Ten-year-old Sugar lives on the River Road sugar plantation along the banks of the Mississippi. Slavery is over, but laboring in the fields all day doesn't make her feel very free. Thankfully, Sugar has a knack for finding her own fun, especially when she joins forces with forbidden friend Billy, the white plantation owner's son. Sugar has always yearned to learn more about the world, and she sees her chance when Chinese workers are brought in to help harvest the cane. The older River Road folks feel threatened, but Sugar is fascinated. As she befriends young Beau and elder Master Liu, they introduce her to the traditions of their culture, and she, in turn, shares the ways of plantation life. Sugar soon realizes that she must be the one to bridge the cultural gap and bring the community together. Here is a story of unlikely friendships and how they can change our lives forever. From Jewell Parker Rhodes, the author of Ninth Ward (a Coretta Scott King Honor Book and a Today show Al's Book Club for Kids pick), here's another tale of a strong, spirited young girl who rises beyond her circumstances and inspires others to work toward a brighter future.
From the author of the award-winning Moth Smoke comes a perspective on love, prejudice, and the war on terror that has never been seen in North American literature. At a café table in Lahore, a bearded Pakistani man converses with a suspicious, and possibly armed, American stranger. As dusk deepens to night, he begins the tale that has brought them to this fateful meeting. . . Changez is living an immigrant’s dream of America. At the top of his class at Princeton, he is snapped up by Underwood Samson, an elite firm that specializes in the “valuation” of companies ripe for acquisition. He thrives on the energy of New York and the intensity of his work, and his infatuation with regal Erica promises entrée into Manhattan society at the same exalted level once occupied by his own family back in Lahore. For a time, it seems as though nothing will stand in the way of Changez’s meteoric rise to personal and professional success. But in the wake of September 11, he finds his position in his adopted city suddenly overturned, and his budding relationship with Erica eclipsed by the reawakened ghosts of her past. And Changez’s own identity is in seismic shift as well, unearthing allegiances more fundamental than money, power, and perhaps even love. Elegant and compelling, Mohsin Hamid’s second novel is a devastating exploration of our divided and yet ultimately indivisible world. “Excuse me, sir, but may I be of assistance? Ah, I see I have alarmed you. Do not be frightened by my beard: I am a lover of America. I noticed that you were looking for something; more than looking, in fact you seemed to be on a mission, and since I am both a native of this city and a speaker of your language, I thought I might offer you my services as a bridge.” —from The Reluctant Fundamentalist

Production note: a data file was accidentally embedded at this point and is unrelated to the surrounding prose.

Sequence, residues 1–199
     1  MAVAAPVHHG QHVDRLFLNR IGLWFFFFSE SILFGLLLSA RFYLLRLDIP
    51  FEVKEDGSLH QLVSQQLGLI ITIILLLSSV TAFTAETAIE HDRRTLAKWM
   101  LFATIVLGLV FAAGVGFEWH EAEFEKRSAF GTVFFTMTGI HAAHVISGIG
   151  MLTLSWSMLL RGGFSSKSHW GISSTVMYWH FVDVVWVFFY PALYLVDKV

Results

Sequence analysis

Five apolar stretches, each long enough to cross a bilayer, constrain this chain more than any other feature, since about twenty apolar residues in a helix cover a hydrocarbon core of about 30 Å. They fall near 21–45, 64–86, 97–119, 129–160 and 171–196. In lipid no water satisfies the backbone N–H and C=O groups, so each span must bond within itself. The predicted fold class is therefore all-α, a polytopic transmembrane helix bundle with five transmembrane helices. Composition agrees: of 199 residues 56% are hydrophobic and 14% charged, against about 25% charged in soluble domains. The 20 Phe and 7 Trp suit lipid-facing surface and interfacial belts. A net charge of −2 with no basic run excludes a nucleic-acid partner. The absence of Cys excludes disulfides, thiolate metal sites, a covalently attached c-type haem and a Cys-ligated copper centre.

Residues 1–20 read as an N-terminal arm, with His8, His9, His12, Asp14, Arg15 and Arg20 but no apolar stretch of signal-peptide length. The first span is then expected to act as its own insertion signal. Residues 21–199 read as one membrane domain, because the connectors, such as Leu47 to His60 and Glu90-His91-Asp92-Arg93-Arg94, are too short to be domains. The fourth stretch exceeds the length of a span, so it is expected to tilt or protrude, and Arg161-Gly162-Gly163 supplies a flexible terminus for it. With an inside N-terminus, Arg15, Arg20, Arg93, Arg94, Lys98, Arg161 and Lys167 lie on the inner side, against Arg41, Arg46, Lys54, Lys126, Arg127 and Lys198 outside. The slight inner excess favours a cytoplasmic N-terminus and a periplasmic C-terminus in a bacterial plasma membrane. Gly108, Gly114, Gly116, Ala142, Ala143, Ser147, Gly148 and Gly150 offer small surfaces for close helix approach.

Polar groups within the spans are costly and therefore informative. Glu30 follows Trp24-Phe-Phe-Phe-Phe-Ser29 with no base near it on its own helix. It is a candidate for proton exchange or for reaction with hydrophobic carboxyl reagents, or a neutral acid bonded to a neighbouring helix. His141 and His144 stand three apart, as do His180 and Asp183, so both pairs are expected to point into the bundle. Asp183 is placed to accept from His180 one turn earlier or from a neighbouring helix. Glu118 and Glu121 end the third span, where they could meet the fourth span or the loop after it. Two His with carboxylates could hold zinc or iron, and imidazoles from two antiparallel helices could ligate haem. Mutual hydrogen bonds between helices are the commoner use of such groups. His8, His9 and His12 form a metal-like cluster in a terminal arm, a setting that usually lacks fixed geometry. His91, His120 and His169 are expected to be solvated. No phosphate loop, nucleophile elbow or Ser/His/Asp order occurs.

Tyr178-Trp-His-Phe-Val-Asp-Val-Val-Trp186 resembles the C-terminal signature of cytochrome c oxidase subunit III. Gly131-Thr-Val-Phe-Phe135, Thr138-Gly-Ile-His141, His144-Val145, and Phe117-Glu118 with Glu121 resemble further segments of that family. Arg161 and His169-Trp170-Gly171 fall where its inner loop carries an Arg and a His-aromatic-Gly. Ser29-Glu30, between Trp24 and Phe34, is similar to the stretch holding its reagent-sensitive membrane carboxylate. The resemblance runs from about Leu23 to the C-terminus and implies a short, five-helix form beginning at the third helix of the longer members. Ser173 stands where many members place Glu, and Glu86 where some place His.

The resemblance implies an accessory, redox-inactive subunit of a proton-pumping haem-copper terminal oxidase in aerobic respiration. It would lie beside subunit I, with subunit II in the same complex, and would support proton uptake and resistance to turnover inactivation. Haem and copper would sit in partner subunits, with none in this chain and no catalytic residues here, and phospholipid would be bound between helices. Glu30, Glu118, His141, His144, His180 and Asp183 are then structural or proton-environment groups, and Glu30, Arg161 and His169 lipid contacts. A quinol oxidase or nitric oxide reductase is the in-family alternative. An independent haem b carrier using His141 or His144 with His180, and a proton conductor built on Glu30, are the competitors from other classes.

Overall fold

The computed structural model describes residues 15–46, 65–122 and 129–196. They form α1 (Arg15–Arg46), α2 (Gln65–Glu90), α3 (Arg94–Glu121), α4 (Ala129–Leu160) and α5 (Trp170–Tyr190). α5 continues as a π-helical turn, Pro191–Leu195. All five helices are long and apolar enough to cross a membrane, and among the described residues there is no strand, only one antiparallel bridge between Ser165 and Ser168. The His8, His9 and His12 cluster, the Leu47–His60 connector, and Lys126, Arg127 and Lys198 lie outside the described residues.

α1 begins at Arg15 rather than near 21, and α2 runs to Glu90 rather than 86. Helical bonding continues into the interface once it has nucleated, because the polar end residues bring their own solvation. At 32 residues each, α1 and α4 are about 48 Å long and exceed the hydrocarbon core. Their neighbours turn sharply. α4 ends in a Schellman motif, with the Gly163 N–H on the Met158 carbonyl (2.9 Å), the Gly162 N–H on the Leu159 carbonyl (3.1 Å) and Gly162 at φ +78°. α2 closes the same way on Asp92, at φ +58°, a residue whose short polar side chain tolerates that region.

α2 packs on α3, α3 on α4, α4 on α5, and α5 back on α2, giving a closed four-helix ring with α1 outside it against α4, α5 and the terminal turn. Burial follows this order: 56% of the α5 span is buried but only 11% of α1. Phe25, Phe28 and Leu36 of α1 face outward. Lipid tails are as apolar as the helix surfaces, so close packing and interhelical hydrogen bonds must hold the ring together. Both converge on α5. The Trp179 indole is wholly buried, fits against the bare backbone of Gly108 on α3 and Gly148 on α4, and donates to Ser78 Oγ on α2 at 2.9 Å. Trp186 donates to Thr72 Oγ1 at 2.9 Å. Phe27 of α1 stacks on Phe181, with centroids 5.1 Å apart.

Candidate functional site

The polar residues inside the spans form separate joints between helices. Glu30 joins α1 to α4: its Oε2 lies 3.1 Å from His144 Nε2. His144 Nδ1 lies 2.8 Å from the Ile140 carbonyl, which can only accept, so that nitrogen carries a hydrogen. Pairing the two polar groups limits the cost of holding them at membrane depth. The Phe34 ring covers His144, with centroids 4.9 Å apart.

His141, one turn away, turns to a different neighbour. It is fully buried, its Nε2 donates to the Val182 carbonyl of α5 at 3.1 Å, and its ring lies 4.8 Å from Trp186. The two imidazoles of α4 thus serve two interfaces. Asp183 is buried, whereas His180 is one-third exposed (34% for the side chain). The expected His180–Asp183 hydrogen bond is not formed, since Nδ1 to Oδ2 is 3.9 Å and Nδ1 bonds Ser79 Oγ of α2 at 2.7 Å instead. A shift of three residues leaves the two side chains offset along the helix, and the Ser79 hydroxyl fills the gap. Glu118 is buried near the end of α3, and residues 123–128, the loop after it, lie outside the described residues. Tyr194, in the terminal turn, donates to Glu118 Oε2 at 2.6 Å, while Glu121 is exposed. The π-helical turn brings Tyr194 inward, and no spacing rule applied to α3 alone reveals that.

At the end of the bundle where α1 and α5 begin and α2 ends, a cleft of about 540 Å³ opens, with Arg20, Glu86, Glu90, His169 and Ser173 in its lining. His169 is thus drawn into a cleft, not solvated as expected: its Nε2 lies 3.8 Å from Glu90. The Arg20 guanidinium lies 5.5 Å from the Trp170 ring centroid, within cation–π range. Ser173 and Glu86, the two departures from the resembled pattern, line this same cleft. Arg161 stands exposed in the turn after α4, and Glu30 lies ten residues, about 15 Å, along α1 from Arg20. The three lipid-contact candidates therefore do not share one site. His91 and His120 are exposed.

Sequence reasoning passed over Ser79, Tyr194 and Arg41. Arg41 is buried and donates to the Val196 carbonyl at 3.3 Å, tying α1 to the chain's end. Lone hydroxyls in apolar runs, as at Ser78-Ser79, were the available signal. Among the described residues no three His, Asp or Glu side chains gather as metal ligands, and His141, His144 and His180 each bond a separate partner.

Years in the making, this spellbinding, heartbreaking, and ultimately uplifting narrative is an unforgettable portrait of 9/11 This is a 9/11 book like no other. Masterfully weaving together multiple strands of the events in New York, at the Pentagon, and in Shanksville, Pennsylvania, Fall and Rise is a mesmerizing, minute-by-minute account of that terrible day. In the days and months after 9/11, Mitchell Zuckoff, then a reporter for the Boston Globe, wrote about the attacks, the victims, and their families. After further years of meticulous reporting, Zuckoff has filled Fall and Rise with voices of the lost and the saved. The result is an utterly gripping book, filled with intimate stories of people most affected by the events of that sunny Tuesday in September: an out-of-work actor stuck in an elevator in the North Tower of the World Trade Center; the heroes aboard Flight 93 deciding to take action; a veteran trapped in the inferno in the Pentagon; the fire chief among the first on the scene in sleepy Shanksville; a team of firefighters racing to save an injured woman and themselves; and the men, women, and children flying across country to see loved ones or for work who suddenly faced terrorists bent on murder. Fall and Rise will open new avenues of understanding for everyone who thinks they know the story of 9/11, bringing to life—and in some cases, bringing back to life—the extraordinary ordinary people who experienced the worst day in modern American history. Destined to be a classic, Fall and Rise will move, shock, inspire, and fill hearts with love and admiration for the human spirit as it triumphs in the face of horrifying events.